Bracknell Forest Self-Care Guide:
The Bracknell Forest Self-Care guide provides information, advice and links to services related to long-term conditions and lifestyle factors. Each chapter has a video which gives a summary of the key messages on each topic.
The Long-Term Conditions Guide gives you practical information and signposting to services to help you manage your condition. Guides can be found for; Arthritis, Asthma, Chronic Obstructive Pulmonary Disease, Coronary Heart Disease, Dementia, Depression and anxiety, Diabetes, Falls, Hypertension and Stroke.
Lifestyle information is available on Alcohol, Diet and Nutrition, Physical Activity and Smoking.
All guides can be accessed through the Self-Care webpage:
This directory is for everyone who lives and works in and around Bracknell Forest. If you use adult social care, health care or other help and support services, if you fund your own support, or simply wish to find out more about what services and support are available in your local community, you can find all the information and advice in one place.
If you would like to find out about events and activities in the local community, you may also find the community directory helpful:
The Helping You Stay Independent Guide
The Helping You Stay Independent Guide lists activities, events and groups around Bracknell Forest that can support individuals to remain healthy and independent.
To view or download the Guide as a pdf please visit:
Did you know more than three million people in the UK work and also care for someone? Juggling work and care can be a challenge, but as a carer you have rights at work that can make this easier. There is support available to help you continue both working and caring. You have rights to request flexible working and to challenge decisions if you are not happy with the outcome. You may also have rights to various forms of time off. Your employer may offer other forms of support such as unpaid leave or telephone access to the person you are caring for during your working hours.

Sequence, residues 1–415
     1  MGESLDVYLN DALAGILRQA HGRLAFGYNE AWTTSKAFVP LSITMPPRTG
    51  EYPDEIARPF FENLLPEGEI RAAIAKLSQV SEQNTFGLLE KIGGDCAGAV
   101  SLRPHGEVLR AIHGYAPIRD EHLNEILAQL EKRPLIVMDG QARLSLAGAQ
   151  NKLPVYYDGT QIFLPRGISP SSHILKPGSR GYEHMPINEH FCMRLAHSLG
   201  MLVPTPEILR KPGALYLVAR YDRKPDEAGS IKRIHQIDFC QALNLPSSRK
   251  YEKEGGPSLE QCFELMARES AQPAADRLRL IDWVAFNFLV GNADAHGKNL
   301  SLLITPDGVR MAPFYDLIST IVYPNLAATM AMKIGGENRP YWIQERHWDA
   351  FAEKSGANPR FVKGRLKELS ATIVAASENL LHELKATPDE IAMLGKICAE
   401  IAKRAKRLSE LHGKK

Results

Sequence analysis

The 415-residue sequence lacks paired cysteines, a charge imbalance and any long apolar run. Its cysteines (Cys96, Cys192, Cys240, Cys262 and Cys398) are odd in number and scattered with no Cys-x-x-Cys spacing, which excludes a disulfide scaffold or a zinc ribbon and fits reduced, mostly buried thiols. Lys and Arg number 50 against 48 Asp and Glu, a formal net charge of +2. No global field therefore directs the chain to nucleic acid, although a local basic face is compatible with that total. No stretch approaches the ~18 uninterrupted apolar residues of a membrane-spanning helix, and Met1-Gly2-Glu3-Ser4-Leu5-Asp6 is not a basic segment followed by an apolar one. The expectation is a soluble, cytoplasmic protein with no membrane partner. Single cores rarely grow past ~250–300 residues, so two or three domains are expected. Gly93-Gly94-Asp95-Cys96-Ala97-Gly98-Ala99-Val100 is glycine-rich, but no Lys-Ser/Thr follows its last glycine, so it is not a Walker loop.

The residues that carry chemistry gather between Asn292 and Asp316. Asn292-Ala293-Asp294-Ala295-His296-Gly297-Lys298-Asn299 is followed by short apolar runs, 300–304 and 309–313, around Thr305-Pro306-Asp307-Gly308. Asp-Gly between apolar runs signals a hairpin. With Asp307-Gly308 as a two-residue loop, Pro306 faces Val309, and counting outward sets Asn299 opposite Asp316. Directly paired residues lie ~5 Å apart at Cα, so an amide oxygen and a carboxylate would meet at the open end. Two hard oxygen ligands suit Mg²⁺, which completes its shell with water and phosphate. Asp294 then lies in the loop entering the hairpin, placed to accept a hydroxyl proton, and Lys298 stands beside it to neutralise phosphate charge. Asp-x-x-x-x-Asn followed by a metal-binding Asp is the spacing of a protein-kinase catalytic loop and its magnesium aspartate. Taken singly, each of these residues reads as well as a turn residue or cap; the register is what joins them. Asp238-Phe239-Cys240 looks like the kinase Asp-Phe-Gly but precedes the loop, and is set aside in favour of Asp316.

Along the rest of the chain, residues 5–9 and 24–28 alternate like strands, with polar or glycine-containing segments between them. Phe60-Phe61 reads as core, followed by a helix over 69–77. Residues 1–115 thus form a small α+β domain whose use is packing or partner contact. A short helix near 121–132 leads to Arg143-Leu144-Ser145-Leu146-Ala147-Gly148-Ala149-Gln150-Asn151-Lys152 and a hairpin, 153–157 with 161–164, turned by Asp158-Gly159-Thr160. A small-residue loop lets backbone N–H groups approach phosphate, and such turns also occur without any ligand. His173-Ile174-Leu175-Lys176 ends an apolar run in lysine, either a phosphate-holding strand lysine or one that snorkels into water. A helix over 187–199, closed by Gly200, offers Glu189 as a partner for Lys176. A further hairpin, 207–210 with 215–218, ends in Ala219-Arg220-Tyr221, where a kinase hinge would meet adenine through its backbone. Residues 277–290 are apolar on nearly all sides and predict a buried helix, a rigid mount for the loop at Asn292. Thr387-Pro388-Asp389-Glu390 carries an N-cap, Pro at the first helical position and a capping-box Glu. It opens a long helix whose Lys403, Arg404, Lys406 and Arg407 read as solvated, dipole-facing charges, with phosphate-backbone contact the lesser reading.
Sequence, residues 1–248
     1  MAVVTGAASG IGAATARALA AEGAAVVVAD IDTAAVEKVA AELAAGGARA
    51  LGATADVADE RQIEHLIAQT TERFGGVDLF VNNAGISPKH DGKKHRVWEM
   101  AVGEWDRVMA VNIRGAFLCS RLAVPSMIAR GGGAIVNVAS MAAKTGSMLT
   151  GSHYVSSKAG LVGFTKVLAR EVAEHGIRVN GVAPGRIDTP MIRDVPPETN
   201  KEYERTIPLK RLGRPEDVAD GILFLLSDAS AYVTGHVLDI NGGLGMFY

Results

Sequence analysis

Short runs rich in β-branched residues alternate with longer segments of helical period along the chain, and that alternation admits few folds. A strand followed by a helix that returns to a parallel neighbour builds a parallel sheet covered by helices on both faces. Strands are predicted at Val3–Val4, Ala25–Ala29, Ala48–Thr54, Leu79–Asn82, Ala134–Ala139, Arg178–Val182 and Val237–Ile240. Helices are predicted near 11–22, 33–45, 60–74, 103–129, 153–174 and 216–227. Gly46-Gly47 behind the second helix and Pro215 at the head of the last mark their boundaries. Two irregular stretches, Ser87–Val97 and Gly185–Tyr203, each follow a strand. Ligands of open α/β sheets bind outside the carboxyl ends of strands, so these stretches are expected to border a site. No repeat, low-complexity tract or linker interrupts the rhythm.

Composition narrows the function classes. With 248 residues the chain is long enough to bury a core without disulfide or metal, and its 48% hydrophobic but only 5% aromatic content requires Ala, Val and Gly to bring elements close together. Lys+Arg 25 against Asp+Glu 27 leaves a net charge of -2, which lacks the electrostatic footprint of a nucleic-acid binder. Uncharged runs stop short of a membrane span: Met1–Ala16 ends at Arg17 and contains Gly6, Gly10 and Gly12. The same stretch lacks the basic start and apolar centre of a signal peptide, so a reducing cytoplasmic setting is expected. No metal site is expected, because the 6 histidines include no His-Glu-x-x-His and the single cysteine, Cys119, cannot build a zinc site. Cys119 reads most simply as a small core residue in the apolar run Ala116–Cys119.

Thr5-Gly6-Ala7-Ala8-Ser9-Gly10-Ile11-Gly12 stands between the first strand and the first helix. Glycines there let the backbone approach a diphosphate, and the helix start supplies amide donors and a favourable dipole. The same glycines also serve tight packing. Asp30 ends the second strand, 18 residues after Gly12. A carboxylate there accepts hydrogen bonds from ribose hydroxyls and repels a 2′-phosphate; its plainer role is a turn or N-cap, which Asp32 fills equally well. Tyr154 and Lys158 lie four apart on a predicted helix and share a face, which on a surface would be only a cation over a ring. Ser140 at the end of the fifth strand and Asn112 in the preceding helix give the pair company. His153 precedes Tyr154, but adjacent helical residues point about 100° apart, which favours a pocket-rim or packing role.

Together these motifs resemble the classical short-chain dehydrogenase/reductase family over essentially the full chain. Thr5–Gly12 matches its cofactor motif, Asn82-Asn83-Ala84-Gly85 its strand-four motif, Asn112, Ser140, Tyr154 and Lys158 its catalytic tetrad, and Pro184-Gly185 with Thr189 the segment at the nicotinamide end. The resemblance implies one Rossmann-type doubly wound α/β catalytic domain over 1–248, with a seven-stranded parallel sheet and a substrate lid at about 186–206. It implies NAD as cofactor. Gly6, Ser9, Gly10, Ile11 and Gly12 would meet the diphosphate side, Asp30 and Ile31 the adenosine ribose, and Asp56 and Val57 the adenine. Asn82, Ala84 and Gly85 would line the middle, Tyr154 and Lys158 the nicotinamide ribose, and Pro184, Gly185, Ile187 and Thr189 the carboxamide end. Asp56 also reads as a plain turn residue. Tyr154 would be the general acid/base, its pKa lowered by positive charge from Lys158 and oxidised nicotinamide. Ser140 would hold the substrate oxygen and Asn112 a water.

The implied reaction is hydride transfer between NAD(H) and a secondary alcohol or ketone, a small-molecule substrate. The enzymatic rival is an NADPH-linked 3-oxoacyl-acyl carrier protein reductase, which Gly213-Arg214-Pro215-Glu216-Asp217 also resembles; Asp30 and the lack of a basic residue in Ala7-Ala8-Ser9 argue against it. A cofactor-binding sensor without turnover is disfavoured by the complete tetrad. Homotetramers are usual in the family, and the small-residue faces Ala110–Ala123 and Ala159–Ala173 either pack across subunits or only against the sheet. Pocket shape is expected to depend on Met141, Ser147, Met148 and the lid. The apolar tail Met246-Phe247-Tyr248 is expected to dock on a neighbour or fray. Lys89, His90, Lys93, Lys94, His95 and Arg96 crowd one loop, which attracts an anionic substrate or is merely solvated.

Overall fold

If you are an unpaid carer and appear to need support, you can ask for a carer’s assessment from Bracknell Forest Council to look at how you can be supported to carry on caring and look after your own wellbeing. The assessment will work out how you can be supported and whether you qualify for support from Bracknell Forest Council.
For more information:
- call the Carers UK’s Carers Line on 0808 808 7777 or visit carersuk.org
- contact Bracknell Forest Council Adult Social Care on 01344 351500 or visit bracknell-forest.gov.uk/carers
visit the Carer’s Trust website carers.org
HealthMakers is a group of volunteers with long term health conditions living in Bracknell and Ascot who:
- Offer peer support to teach others how to manage their long term health conditions. So far our HealthMakers have made a difference to the lives of 50 people in Bracknell Forest
- Deliver training to help others become HealthMakers and make a difference
- Act as Patient Partners who work closely with local health services to improve patient care and quality of life
We know that patients with long term health conditions often face crisis with their health which can be frightening and can lead to a feeling of having lost control. We know that most patients want to have confidence in looking after themselves and in recognising the signs when they need help.
We are looking for people who want to make a difference for themselves and for others by becoming HealthMakers.
What will HealthMakers gain?
You’ll be trained in how to facilitate a self-management course and given all the content and knowledge needed to confidently deliver one, including:
- Goal setting,
- Anxiety management,
- How to facilitate a course,
- Public speaking,
- Problem solving, and
- Other optional modules
Once you’re trained, we’ll set your courses up so it fits with your availability but we do expect you to deliver at least two courses a year.
You’ll be able to claim expenses for your travel and any carer costs. If you’re a healthcare professional, we can cover any back fill costs and provide you with a certificate to evidence continued professional development (CPD).
We’re looking for people who:
- Have experienced living with a long term health condition
- Are willing to listen to and consider different view points
- Can provide constructive and ongoing feedback to others
- Can manage and plan your own time